As prices spiral, India's workers forced to forgo small pleasures

by Annie Banerji | Thomson Reuters Foundation
Monday, 18 July 2022 10:45 GMT

A tea stall vendor prepares tea for his customers on a pavement in New Delhi, India, June 22, 2022. Thomson Reuters Foundation/Annie Banerji

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The inflation diaries: Low and middle-income families cut back as price rises bite, with experts predicting no respite in sight

By Annie Banerji

NEW DELHI, July 18 (Thomson Reuters Foundation) - Tuk-tuk driver Rishi Pal was counting down the days until he could take his granddaughter to the Indian village where he grew up, but soaring prices forced a rethink.

From vegetables and rice to cooking gas and detergent, most everyday items in India are becoming more expensive, pushing many Indians to rein in their spending.

"This summer break was the perfect chance. I was going to show her my childhood home, the fields where we used to play, the big mango tree we used to climb ... the village life," said Pal, 62, who comes from northern Uttar Pradesh state.

"But everything has become almost unaffordable in the last few months. This trip would have set us back. Maybe next year," he said, sitting in his tuk-tuk near New Delhi's central business district.

Shoppers have seen prices hit eight-year highs this year, with the central bank warning they will not cool before December.

Sarita Devi, a flower pot vendor, poses for a photo in New Delhi, India, June 22, 2022. Thomson Reuters Foundation/Annie Banerji

Food and fuel are the two main sources of inflation in India, largely driven by rising global energy and food costs triggered by the Ukraine war, along with erratic weather which threatens lower crop yields.

The government in May restricted wheat and sugar exports and announced tax cuts to fuel and essential goods to help insulate consumers.

But many people are already struggling to make ends meet and cutting back on everyday items.

Pal said his 12-year-old granddaughter's favourite breakfast of pan-fried flatbread stuffed with eggs had now been replaced with cheaper porridge.

"All of us are working extra hours when we can, mainly so that (my granddaughter) does not need to feel the pinch of inflation," said Pal as a customer approached his tuk-tuk.

"But it's not always possible. It's been difficult."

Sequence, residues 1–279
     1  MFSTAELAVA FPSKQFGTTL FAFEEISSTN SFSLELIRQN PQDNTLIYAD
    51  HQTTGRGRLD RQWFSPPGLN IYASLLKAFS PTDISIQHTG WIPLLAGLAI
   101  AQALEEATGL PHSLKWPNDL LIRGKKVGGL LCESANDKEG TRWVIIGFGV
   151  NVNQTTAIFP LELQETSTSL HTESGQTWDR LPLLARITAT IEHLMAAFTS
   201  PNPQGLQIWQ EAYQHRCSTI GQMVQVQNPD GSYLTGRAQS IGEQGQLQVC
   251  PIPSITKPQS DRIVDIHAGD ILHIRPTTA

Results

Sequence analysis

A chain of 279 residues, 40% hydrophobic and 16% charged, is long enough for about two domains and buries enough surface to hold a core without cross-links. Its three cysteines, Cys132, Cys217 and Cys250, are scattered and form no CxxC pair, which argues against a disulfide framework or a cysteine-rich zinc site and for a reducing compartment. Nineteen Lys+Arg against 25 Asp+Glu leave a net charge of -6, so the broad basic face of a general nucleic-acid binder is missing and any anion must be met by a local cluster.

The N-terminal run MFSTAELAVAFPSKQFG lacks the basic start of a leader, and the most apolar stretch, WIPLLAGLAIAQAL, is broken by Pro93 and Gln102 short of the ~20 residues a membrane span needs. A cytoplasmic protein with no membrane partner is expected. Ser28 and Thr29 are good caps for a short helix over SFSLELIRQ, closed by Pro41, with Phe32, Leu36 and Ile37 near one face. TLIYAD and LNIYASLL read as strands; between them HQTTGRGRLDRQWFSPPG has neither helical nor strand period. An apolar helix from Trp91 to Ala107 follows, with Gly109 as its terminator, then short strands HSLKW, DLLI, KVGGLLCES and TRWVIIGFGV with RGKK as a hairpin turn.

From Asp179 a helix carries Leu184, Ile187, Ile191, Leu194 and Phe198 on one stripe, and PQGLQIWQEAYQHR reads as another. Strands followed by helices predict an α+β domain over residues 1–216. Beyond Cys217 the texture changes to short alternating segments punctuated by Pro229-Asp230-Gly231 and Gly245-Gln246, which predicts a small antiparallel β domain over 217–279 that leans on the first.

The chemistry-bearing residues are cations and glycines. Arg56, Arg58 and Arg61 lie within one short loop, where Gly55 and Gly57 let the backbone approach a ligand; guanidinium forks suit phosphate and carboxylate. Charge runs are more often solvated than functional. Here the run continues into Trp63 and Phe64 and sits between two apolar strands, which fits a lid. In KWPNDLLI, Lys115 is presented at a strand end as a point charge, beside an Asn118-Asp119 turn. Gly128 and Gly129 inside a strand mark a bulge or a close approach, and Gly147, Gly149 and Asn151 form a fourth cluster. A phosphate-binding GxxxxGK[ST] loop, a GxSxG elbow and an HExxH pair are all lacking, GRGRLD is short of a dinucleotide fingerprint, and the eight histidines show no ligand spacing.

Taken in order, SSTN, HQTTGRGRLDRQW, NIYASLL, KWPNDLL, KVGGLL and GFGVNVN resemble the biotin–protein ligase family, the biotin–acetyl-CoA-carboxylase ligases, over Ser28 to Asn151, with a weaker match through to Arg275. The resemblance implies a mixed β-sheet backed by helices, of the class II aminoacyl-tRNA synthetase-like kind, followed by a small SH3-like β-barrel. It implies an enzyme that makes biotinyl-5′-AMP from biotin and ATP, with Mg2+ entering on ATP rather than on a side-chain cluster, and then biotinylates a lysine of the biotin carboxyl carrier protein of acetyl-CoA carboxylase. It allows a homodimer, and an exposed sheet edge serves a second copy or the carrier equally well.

Rishi Pal, a tuk-tuk driver, poses for a photo in New Delhi, India, June 22, 2022. Thomson Reuters Foundation/Annie Banerji


Much also depends on the weather in the coming months. India's monsoon, which takes place roughly from June to September, is crucial for crops and will bring knock-on effects on food prices and wider economic growth.

Rainfalls in June have been below average, threatening to hit agricultural output that could push up living costs still further.

With little to no respite expected until the end of the year, shoe shiner and cobbler Babu Lal said spending cutbacks by many would-be customers were undoing his gradual recovery from the impact of COVID-19.

He said he was earning up to 15,000 rupees ($192) a month in March, but was now making about half of that, leaving him stretched to provide for his wife, two school-going daughters and five grandchildren, despite extra income from his two sons.

"If this keeps on, the government has to do something. They need to loan me money or at least help me rent a (brick-and-mortar) shop to draw more customers," said Lal, 59, as he mended a torn shoe sitting on a pavement.

"Otherwise it will be impossible to survive. I'll have to take on two more jobs at this age."

($1 = 78.2740 Indian rupees)

Explore our interactive map below for more stories about the human impact of the cost of living crisis in our three-part series on The Inflation Diaries

More from Part One of The Inflation Diaries series:

Firewood and no meat: Kenya's cost-of-living crisis bites

Inflation-hit Bangladeshis swap eggs for pulses and ration cards

Burdened with debts, low-income Britons feel pinch as bills surge

South Africans fear rising crime as food costs spike

Haitians choose between school fees or food as costs rise

(Reporting by Annie Banerji @anniebanerji, Editing by Sonia Elks; Please credit the Thomson Reuters Foundation, the charitable arm of Thomson Reuters, that covers the lives of people around the world who struggle to live freely or fairly. Visit

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